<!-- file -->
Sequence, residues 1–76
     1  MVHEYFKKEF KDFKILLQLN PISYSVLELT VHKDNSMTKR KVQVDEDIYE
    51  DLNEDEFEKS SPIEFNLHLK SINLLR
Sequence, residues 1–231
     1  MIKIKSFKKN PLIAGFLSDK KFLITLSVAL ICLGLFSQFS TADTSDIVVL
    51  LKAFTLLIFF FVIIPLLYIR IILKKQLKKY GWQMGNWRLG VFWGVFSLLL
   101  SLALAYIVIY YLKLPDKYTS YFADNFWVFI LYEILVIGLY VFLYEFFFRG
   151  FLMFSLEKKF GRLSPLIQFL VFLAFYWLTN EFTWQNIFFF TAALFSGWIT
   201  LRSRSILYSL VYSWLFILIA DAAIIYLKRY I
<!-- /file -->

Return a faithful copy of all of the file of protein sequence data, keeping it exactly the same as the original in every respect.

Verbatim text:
Sequence, residues 1–76
     1  MVHEYFKKEF KDFKILLQLN PISYSVLELT VHKDNSMTKR KVQVDEDIYE
    51  DLNEDEFEKS SPIEFNLHLK SINLLR
Sequence, residues 1–231
     1  MIKIKSFKKN PLIAGFLSDK KFLITLSVAL ICLGLFSQFS TADTSDIVVL
    51  LKAFTLLIFF FVIIPLLYIR IILKKQLKKY GWQMGNWRLG VFWGVFSLLL
   101  SLALAYIVIY YLKLPDKYTS YFADNFWVFI LYEILVIGLY VFLYEFFFRG
   151  FLMFSLEKKF GRLSPLIQFL VFLAFYWLTN EFTWQNIFFF TAALFSGWIT
   201  LRSRSILYSL VYSWLFILIA DAAIIYLKRY I